Winter having impact on drought in county

February 24, 2003|by SCOTT BUTKI

Even if Washington County continues to get more snow and rain this winter, it will be at least six to nine months before if it is known if the drought is over, Washington County Drought Coordinator Don Schwartz said Friday.

Above-average precipitation this winter from storms such as the one on Feb. 15 and 16 definitely is helping bring the drought conditions toward an end in the area, said Schwartz and Laurie G. Bucher, director of environmental health for the Washington County Health Department.

But the region needs about six to nine months of above-average precipitation to get over the drought, which began in 1998, Bucher said.


While shallow county wells are currently running at levels they have not been at since 1998, deep wells still need time to recharge, Schwartz said.

And if the region has less precipitation than usual this spring and summer, drought problems could persist, he said.

"Just because you step off the concrete and the grass is soft doesn't mean a four-year drought is at an end," Schwartz said.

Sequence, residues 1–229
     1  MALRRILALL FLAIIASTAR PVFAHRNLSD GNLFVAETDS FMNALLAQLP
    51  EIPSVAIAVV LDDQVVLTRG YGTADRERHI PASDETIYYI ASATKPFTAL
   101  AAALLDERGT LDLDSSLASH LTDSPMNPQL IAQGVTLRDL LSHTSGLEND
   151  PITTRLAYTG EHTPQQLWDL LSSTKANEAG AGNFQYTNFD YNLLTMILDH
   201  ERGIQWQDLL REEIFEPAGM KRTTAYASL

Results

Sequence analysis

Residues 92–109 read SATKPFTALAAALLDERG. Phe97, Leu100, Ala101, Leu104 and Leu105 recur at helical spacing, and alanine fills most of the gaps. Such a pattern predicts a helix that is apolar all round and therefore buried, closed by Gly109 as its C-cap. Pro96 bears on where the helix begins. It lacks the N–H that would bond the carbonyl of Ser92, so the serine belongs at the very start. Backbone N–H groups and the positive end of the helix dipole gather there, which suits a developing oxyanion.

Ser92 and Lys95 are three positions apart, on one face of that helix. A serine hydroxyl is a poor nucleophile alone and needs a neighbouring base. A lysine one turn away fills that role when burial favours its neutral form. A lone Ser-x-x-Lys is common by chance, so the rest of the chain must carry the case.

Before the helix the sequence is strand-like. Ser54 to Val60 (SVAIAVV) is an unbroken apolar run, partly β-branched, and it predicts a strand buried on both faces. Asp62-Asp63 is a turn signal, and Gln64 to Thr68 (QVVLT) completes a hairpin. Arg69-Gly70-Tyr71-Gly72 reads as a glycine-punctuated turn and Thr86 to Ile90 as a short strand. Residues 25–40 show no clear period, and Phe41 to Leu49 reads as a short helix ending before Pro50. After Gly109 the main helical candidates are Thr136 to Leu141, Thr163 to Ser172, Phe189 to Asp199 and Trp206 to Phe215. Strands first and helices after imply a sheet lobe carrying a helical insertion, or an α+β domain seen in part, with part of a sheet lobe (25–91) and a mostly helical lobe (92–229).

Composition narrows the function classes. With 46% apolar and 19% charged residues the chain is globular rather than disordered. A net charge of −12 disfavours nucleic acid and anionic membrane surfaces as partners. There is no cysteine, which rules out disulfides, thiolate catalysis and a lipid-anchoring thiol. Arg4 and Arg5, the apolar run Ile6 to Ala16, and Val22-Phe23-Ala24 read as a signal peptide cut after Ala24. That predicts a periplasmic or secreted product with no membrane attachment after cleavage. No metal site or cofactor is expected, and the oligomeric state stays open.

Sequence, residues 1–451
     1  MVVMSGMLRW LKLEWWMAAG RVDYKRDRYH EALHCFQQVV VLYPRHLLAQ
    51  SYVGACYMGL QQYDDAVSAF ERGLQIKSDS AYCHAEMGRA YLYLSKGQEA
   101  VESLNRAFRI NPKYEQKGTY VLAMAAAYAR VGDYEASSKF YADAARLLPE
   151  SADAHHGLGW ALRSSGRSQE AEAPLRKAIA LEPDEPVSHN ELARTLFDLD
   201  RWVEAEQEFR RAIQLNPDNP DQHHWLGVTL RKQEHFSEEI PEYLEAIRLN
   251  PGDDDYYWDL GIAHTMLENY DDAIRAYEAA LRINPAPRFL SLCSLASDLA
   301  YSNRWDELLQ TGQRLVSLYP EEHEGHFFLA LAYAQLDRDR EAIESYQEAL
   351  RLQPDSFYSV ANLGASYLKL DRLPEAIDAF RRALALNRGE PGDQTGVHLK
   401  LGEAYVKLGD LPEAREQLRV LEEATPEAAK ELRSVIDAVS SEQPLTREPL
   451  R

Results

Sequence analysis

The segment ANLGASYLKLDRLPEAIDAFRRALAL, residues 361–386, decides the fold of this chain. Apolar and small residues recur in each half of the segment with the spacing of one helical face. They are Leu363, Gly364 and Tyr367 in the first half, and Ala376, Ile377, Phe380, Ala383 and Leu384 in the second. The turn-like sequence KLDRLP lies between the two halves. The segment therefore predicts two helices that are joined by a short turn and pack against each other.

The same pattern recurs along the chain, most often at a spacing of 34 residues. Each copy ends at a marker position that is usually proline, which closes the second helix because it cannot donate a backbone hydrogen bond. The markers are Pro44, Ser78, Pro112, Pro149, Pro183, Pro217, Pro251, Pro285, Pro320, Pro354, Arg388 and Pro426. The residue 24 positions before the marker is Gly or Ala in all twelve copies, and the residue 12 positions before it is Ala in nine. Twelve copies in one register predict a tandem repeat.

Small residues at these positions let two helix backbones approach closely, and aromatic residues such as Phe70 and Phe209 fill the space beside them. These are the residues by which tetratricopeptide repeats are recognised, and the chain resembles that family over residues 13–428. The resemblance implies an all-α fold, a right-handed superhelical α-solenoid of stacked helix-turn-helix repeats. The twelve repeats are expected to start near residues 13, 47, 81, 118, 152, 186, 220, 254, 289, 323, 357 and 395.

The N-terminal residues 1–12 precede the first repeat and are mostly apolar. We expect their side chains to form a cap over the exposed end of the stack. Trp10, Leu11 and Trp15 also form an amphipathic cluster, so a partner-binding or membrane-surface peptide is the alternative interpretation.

But Schwartz and Bucher said some indicators are looking good.

Three monitoring wells in Washington County are currently at normal levels or above for the first time in almost three years, Bucher said.

The rate at which property owners are applying for replacement wells also has dropped significantly, she said.

The state will look in the spring at the drought indicators, which include the amount of precipitation, as well as the level of stream flows, groundwater and reservoir storage, Bucher said.

Maryland Gov. Robert Ehrlich announced Thursday he is lifting the drought emergency restrictions imposed by former Gov. Parris Glendening, except for customers served by the Baltimore municipal water supply system.

Later that day, Frederick (Md.) Mayor Jennifer P. Dougherty lifted mandatory water restrictions in the city of Frederick.

In early January, Washington County lifted a mandatory water restriction order for 120 homes in the Mount Aetna area, Water and Sewer Director Greg Murray said.

Later this winter, the county probably will rescind its request for citizens on the county water system to voluntarily conserve water, Murray said.

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